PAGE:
There was an alternative to the Mathew Street madness over the Bank Holiday weekend, as Getintothis’ Sally Flashlight explores three days of top draw eclectica from the inaugural NewPath Festival.
Some would see it as bold move to try and host a festival at the same time as Mathew Street’s huge event, especially three nights of alternative music.
But NewPath Festival, which was curated by Liverpool post-rock band MinionTV, succeeded in bringing something a little bit different to the Bank Holiday weekend.
The first night on Saturday, held within the art-deco surroundings of the Leaf on Bold Street, was a real treat as a post-rock fan.
Acoustic duo In Violet started the night with their blend of angst-laden atmospheric rock. They were followed by the thumping math-rock of Liverpool instrumental band Muto Leo, who despite being a fairly new band performed with confidence and technical precision as though they had been playing for years.
Japanese shoegaze duo Kanina, who are on European tour, were a highlight of the night. The angelic vocals and melancholic piano mixed with powerful electric guitar riffs were reminiscent of Sigur Ros.
This Is My Normal State, who were touring with Kanina across the UK, showed a different style of shoegaze post-rock. The Bristol quintet, equipped with cello, guitars and drums gave a beautiful performance that reminded me of the music of Mogwai combined with the singing talent of Julee Cruise.
This Is My Normal State
Headlining all three nights was MinionTV, who met the challenge of performing three completely different sets each night. From the heart wrenching When Skyways Are Highways to the thundering We Are Ghosts, those who managed to catch them on all three days would have been impressed with their vast ranging repertoire of electronic, heavy rock and ambient music. It was a delight on all three nights to see what surprises they would pull off.
The last two nights were held at Mello Mello Jazz Cafe. Matt Stevens travelled from London to perform his solo acoustic guitar set on Sunday. His finger-picking magic went down a storm with the audience and many had turned up especially to see his set.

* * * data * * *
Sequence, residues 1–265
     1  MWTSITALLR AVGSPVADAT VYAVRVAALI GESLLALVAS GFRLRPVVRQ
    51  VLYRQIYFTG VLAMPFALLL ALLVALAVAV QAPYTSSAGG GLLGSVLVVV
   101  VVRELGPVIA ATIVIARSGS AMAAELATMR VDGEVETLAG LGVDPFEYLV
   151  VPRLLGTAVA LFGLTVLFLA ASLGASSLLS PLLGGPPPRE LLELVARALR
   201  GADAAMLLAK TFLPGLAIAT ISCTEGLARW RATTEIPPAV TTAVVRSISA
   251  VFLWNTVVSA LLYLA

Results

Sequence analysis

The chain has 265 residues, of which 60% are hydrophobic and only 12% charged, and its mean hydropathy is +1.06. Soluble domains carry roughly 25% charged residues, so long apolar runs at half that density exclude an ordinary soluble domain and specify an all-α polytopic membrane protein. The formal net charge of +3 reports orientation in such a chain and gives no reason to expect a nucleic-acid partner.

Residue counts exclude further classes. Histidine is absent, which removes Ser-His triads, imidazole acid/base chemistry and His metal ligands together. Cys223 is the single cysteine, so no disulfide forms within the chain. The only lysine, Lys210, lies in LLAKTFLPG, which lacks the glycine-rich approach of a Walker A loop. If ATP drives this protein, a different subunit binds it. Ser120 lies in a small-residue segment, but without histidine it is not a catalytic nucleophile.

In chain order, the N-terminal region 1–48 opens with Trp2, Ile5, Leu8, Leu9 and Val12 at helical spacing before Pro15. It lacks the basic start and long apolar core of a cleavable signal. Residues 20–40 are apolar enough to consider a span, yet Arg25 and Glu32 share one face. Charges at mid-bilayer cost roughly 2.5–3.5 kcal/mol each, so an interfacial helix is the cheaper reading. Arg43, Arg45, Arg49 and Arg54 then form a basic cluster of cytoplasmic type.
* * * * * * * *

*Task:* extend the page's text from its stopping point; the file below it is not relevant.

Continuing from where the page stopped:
Then for something completely different was Dinosaurs Are Shit Dragons. The name gave an idea of what to expect from this ballsy band, whose post-hardcore, alternative act combined with wacky lyrics about every-day life from religion to cats made for a memorable performance.
Liverpool-based outfit Alpha Tea Party showed they do their own thing as rock mathematicians. Despite saying they make music people can’t dance to, people could not help but move when they were on.
Also hailing from Liverpool was screamo band We Came Out Like Tigers. Beware their act is not for the faint hearted. They are expressive, loud, aggressive and exciting to watch. Alright The Captain travelled from Nottingham for the festival and showed off their artistic talent with a display of visual artworks, which shone out as much as their noisy experimental music.
We Came Out Like Tigers
The final night saw up-and-coming band Pocket Apocalypse, who have successfully hailed from the student music scene, perform a special mix of instrumental rock, which was met with rapture from the audience.
A Time For Burning also put on a breathtaking display of beautiful post-rock and were a personal favourite of the night. Catscans, who shed their old happy-go-lucky name We Sell Seashells, with their operatic vocal and explosive violin playing, gave a powerful and dark performance.
A compilation CD of the acts performed was sold off to raise money for the PIAS fund and with its vast range of alternative music NewPath Festival succeeded in providing something that everyone could enjoy over the three days.
Pictures courtesy of Tony Nye.